An individual instance of Liquidambar styraciflua (sweetgum)
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Sweetgum is native to southeastern, east-central, and south-central United States, southern Mexico, and central America.  It is a large deciduous hardwood tree, which can grow to over 100 feet in height and 3 to 5 feet in diameter, with a symmetrical, cone-shaped crown.  The bark is grayish brown, deeply furrowed into narrow, somewhat rounded ridges. The leaves are alternate, simple, and palmately lobed with 5-7 points resembling a star in shape, dark green and lustrous above, and paler underneath.  Flowers are monoecious, female, on a slender stalk terminated by a ½ inch diameter globose head consisting of 2-beaker ovaries subtended by minute scales. The fruit is a dangling brown, woody spiny tipped gum ball with seeds brownish and winged.


Erosion Control: Sweetgum is a good choice as a windbreak tree because of its fast growth and tolerance of a wide variety of sites.

Wildlife: Its seeds are eaten by birds, squirrels, and chipmunks.

Timber: Sweetgum is primarily used for lumber, veneer, plywood, slack cooperage, railroad ties, fuel and pulpwood.  Its wood is used for veneer, furniture, interior trim, and wooden ware, in addition to pulpwood for fine papers.

Recreation and Beautification: It is used as a specimen plant, shade tree, and street tree. The sap of the tree has been used historically as a substitute for chewing gum.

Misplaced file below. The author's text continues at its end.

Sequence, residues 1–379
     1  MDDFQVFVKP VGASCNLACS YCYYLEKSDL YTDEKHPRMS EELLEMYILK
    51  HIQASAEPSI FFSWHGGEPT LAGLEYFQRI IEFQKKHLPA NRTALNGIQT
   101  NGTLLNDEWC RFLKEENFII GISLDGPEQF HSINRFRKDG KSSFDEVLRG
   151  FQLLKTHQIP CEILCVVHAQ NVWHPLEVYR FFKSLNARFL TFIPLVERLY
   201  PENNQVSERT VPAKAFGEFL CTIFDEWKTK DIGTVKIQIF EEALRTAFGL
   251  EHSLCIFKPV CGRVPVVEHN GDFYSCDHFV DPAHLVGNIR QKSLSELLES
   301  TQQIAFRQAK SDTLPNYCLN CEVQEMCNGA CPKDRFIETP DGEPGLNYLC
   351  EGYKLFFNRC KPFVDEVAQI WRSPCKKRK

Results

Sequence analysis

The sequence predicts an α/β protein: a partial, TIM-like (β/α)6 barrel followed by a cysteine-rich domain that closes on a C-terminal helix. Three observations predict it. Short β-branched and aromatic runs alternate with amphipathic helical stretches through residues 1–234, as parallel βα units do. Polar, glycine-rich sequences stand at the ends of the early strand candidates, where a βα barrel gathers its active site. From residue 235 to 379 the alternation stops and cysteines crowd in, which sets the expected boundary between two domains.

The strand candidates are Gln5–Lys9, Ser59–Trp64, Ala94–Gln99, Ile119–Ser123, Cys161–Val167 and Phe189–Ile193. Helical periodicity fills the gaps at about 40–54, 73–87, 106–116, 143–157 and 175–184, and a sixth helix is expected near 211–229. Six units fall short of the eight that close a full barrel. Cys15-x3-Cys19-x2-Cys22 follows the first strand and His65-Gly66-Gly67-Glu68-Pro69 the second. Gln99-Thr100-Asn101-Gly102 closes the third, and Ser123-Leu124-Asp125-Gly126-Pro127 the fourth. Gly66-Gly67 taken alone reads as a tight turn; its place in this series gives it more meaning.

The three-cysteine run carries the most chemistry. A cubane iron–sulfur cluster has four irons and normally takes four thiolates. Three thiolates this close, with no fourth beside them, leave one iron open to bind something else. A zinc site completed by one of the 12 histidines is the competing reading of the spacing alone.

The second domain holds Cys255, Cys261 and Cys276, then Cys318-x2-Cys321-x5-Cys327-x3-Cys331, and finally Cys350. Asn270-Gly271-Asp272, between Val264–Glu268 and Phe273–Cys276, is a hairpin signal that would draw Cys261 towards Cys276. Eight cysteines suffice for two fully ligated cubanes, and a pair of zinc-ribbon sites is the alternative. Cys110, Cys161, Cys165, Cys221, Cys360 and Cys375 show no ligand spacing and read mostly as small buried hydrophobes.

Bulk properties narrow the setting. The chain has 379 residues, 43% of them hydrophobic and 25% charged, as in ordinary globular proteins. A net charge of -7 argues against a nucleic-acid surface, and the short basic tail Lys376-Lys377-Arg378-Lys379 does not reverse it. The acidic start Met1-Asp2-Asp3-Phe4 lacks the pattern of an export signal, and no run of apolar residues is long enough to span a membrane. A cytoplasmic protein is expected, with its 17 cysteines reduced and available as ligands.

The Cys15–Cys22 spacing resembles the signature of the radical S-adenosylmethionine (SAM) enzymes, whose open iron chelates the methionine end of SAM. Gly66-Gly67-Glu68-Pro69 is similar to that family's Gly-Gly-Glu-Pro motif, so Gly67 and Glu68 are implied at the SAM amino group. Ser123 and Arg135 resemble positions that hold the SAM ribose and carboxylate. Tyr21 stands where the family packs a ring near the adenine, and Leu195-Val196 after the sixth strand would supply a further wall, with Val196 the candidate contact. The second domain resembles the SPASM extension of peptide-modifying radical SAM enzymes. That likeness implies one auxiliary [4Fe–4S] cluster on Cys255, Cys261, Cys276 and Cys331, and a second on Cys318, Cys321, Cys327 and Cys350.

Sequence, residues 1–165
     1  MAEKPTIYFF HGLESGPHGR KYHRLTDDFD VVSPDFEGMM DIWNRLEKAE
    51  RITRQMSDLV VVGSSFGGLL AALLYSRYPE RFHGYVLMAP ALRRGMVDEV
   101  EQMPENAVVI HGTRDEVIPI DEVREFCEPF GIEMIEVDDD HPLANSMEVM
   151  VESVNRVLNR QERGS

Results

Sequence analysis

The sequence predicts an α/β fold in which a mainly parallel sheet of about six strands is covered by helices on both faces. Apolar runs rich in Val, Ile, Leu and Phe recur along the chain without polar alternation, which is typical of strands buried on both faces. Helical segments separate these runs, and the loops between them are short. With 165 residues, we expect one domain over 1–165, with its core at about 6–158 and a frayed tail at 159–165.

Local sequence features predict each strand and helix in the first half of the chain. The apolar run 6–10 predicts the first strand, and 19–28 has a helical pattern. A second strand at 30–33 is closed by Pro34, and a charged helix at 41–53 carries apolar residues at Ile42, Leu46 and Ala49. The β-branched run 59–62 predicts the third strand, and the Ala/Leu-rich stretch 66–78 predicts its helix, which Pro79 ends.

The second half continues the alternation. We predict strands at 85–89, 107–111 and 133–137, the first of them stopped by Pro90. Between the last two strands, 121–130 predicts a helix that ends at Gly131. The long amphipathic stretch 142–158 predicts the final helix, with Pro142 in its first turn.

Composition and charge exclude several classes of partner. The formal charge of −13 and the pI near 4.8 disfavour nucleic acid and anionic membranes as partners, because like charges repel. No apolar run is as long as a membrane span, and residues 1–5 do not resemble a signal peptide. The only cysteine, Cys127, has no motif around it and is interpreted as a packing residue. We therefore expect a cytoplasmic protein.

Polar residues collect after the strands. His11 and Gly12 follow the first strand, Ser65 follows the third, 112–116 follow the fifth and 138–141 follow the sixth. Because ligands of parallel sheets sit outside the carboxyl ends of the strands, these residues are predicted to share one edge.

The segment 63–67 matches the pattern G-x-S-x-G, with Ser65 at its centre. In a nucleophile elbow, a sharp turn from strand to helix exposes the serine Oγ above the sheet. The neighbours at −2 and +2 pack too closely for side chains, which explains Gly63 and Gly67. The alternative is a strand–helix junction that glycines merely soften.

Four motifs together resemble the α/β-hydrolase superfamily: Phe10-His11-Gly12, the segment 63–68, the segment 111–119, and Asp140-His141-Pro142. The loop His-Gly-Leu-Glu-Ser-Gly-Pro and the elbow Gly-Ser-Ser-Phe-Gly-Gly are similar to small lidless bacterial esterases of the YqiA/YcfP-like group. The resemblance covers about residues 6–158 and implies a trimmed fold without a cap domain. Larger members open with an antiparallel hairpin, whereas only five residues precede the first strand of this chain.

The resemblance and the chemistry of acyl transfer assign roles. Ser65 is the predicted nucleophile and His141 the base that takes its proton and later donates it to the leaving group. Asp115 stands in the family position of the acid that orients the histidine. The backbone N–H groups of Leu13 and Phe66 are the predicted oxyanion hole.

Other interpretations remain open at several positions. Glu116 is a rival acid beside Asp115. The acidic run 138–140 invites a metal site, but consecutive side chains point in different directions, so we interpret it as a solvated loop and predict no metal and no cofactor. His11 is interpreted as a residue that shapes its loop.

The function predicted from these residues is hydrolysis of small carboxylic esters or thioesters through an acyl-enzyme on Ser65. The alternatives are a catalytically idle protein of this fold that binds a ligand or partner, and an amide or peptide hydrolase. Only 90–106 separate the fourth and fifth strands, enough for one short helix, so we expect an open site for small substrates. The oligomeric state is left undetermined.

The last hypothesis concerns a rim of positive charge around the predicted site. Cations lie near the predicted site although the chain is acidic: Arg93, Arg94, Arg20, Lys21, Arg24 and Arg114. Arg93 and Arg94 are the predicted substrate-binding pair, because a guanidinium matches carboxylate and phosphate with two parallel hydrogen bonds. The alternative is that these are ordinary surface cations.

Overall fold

Adaptation and Distribution

In the wild, sweetgum grows in bottomland areas with rich, moist soil, but can tolerate a variety of soil conditions.  The tree does not do well planted in locations where roots are limited in their development.  It grows best on moderately coarse to fine soils that are well drained and slightly acid (pH 6.1- 6.5).  It develops a deep taproot with numerous highly developed laterals on well drained bottomland sites and a shallow, wide spreading root system on poorly drained sites.  Sweetgum is very intolerant to shade but tolerant to flooding.  It also tolerates seaside sites if protected from high winds. Sweetgum is distributed throughout the east and southeast portions of the United States. 


USDA NRCS National Plant Materials Center (2002).  Plant fact sheet for sweetgum (liquidambar styraciflua L.).  Retrieved from


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This particular organism is believed to have managed means of establishment.

This organismal entity has the scope: multicellular organism.


Liquidambar styraciflua


sec. Tennessee Flora 2014

common name: sweetgum
family: Hamamelidaceae
Identified 2016-03-13 by Patrick Phoebus


Greenbriar, Homecoming Cir, Rutherford County, Tennessee, US
Click on these geocoordinates to load a map showing the location: 35.8458°, -86.3586°
Coordinate uncertainty about: 10 m.
Altitude: 191 m.

Location calculated as average of its images' coordinates.

Occurrences were recorded for this particular organism on the following dates:

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whole tree (or vine) - winter
bark - unspecified
twig - close-up winter terminal bud
leaf - showing orientation on twig
fruit - section or open
fruit - immature

Tennessee Flora 2014 =

Tennessee Flora Committee, 2014. Guide to the Vascular Plants of Tennessee (editors: E. W. Chester, B. E. Wofford, J. Shaw, D. Estes, and D. H. Webb). The University of Tennessee Press, Knoxville, TN, US.

Metadata last modified: 2016-05-06T08:15:47.008-05:00
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